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Author of "The Four Million," "The Voice of the City," "The Trimmed
Lamp," "Strictly Business," "Sixes and Sevens," etc.


[Illustration: The last photograph of O. Henry, taken by
W. M. Vanderwayde (New York) in 1909]

O. Henry, Afrite-Chef of all delight--
Of all delectables conglomerate
That stay the starved brain and rejuvenate
The Mental Man! The ęsthetic appetite--
So long enhungered that the "inards" fight
And growl gutwise--its pangs thou dost abate
And all so amiably alleviate,
Joy pats his belly as a hobo might
Who haply hath obtained a cherry pie
With no burnt crust at all, ner any seeds;
Nothin' but crisp crust, and the thickness fit.
And squashin'-juicy, an' jes' mighty nigh
Too dratted, drippin'-sweet for human needs,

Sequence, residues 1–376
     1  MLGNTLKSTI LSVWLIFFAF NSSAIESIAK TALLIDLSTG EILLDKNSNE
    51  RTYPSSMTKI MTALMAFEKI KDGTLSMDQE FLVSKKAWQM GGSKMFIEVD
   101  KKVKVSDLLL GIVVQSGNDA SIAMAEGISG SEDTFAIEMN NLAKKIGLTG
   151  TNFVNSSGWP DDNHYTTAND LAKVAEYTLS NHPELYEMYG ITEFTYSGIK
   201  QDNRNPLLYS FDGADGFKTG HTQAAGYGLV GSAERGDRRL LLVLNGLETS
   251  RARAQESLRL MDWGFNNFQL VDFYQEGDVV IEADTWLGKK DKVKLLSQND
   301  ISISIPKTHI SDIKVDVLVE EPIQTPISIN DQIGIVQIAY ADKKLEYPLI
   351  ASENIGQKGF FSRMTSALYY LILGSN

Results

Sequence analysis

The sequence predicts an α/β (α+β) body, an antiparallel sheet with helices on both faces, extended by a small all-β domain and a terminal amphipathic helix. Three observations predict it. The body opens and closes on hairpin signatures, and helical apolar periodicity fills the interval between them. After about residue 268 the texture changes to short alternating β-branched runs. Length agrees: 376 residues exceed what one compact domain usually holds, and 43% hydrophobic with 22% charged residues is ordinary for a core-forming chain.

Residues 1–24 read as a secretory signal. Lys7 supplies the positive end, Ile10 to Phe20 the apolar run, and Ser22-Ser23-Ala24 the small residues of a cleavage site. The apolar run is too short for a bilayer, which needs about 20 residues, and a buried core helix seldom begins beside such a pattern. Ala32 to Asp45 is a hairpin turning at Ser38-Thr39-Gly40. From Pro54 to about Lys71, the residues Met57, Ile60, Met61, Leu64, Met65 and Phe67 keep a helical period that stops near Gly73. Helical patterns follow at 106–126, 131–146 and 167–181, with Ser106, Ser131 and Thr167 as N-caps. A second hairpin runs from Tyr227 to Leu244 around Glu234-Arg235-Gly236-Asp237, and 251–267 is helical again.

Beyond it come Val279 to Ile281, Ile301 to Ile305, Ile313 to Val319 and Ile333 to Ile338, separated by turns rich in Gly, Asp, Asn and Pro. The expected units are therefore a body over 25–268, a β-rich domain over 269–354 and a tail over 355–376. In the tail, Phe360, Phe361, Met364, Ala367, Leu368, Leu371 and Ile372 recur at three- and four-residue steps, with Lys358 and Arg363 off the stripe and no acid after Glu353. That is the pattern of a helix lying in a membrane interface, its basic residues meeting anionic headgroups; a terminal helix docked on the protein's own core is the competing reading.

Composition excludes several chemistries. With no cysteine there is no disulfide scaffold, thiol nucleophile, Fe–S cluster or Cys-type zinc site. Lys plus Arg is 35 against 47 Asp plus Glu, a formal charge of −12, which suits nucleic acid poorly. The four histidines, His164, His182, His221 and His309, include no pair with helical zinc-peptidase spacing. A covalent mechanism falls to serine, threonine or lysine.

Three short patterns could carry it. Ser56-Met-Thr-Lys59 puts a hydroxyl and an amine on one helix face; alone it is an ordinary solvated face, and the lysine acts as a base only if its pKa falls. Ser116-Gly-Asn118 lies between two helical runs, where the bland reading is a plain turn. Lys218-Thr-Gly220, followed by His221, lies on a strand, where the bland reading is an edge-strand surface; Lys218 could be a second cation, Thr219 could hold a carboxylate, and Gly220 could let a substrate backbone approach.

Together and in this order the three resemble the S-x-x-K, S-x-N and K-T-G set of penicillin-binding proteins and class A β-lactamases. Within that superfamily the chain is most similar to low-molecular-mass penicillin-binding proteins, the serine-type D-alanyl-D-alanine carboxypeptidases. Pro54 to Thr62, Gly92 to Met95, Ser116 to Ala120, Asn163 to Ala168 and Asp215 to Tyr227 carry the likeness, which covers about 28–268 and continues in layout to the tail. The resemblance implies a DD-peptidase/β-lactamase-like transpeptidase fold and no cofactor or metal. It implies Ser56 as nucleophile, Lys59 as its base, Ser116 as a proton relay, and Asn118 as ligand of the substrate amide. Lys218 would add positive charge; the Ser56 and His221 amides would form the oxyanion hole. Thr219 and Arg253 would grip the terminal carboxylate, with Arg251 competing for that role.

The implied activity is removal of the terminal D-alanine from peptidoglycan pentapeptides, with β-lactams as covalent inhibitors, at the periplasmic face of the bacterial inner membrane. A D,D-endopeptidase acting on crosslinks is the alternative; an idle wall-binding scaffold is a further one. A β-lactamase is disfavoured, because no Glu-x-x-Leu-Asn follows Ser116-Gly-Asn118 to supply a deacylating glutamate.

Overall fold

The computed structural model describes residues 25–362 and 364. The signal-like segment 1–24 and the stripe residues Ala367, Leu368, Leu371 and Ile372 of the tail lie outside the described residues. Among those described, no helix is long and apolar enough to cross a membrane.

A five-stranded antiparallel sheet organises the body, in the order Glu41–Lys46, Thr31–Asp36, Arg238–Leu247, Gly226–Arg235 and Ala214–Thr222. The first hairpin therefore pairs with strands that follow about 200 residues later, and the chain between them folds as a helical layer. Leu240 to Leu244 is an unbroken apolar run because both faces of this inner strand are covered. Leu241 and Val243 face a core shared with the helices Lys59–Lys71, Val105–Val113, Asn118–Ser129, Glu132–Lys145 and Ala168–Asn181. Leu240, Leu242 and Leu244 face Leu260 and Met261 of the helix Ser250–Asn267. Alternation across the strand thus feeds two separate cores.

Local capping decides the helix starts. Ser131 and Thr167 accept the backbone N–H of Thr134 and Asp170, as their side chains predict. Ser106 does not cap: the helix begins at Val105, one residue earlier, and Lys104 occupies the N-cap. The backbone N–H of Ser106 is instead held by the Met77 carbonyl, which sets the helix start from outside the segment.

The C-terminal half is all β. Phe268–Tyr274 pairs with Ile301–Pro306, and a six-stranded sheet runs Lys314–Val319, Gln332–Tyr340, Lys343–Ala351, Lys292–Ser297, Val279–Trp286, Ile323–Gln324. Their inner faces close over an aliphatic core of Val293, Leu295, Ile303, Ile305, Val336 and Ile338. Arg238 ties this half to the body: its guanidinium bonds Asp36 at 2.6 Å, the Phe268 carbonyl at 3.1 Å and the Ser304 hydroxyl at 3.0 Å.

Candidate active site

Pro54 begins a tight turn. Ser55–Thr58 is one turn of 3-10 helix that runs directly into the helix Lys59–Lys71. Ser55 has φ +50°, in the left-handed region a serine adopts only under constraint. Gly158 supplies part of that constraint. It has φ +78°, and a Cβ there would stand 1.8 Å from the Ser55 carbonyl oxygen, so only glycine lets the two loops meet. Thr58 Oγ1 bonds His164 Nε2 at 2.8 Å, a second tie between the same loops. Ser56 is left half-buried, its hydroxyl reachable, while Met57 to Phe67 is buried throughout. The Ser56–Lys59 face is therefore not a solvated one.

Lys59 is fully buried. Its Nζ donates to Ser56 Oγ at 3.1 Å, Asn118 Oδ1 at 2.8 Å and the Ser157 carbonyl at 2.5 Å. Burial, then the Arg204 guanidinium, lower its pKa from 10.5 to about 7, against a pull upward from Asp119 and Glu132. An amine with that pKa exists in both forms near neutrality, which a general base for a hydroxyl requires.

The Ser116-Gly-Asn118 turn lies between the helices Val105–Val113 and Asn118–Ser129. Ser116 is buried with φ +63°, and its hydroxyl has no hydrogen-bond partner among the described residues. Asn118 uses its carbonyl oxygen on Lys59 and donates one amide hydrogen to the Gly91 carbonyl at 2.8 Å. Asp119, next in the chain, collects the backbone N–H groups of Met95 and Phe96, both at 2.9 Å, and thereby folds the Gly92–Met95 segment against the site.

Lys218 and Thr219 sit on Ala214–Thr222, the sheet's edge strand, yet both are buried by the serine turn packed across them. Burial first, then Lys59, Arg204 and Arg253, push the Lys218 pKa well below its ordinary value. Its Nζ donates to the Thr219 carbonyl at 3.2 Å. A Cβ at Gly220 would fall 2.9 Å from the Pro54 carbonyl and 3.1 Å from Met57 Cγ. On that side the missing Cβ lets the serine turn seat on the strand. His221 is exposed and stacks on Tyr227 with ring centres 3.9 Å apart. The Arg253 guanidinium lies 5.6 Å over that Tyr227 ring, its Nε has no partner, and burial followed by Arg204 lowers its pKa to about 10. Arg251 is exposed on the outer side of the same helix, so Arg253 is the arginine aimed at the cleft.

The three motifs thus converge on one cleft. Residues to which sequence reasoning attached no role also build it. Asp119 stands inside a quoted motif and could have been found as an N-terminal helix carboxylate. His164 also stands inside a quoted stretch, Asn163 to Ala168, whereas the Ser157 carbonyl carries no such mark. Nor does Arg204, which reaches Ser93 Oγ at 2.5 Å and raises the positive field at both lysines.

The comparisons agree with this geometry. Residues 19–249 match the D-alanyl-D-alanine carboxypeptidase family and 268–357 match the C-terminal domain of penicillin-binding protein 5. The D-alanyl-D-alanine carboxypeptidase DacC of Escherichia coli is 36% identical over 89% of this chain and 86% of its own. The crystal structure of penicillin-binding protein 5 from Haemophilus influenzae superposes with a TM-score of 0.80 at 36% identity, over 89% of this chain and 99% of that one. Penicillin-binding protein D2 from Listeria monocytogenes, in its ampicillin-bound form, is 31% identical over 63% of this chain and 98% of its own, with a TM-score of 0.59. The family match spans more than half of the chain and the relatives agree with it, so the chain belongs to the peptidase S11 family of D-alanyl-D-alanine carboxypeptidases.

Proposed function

But fer the sosh of milk that goes with it.

Written in the character of "Sherrard
Plummer" by James Whitcomb Riley


The Dream
A Ruler of Men
The Atavism of John Tom Little Bear
Helping the Other Fellow
The Marionettes
The Marquis and Miss Sally
A Fog in Santone
The Friendly Call
A Dinner at ----*
Sound and Fury
Tracked to Doom
A Snapshot at the President
An Unfinished Christmas Story
The Unprofitable Servant
Aristocracy Versus Hash
The Prisoner of Zembla
A Strange Story
Fickle Fortune, or How Gladys Hustled
An Apology
Lord Oakhurst's Curse
Bexar Scrip No. 2692
Queries and Answers
The Pewee
Nothing to Say
The Murderer
Some Postscripts
Two Portraits
A Contribution
The Old Farm
The Lullaby Boy
Chanson de Bohźme
Hard to Forget
Drop a Tear in This Slot


The Last Photograph of O. Henry (Frontispiece)
The Editor's Own Statement of His Aims
(Advertisement for _The Rolling Stone_)
Record of Births and Deaths from the Porter Family Bible
O. Henry at the Age of Two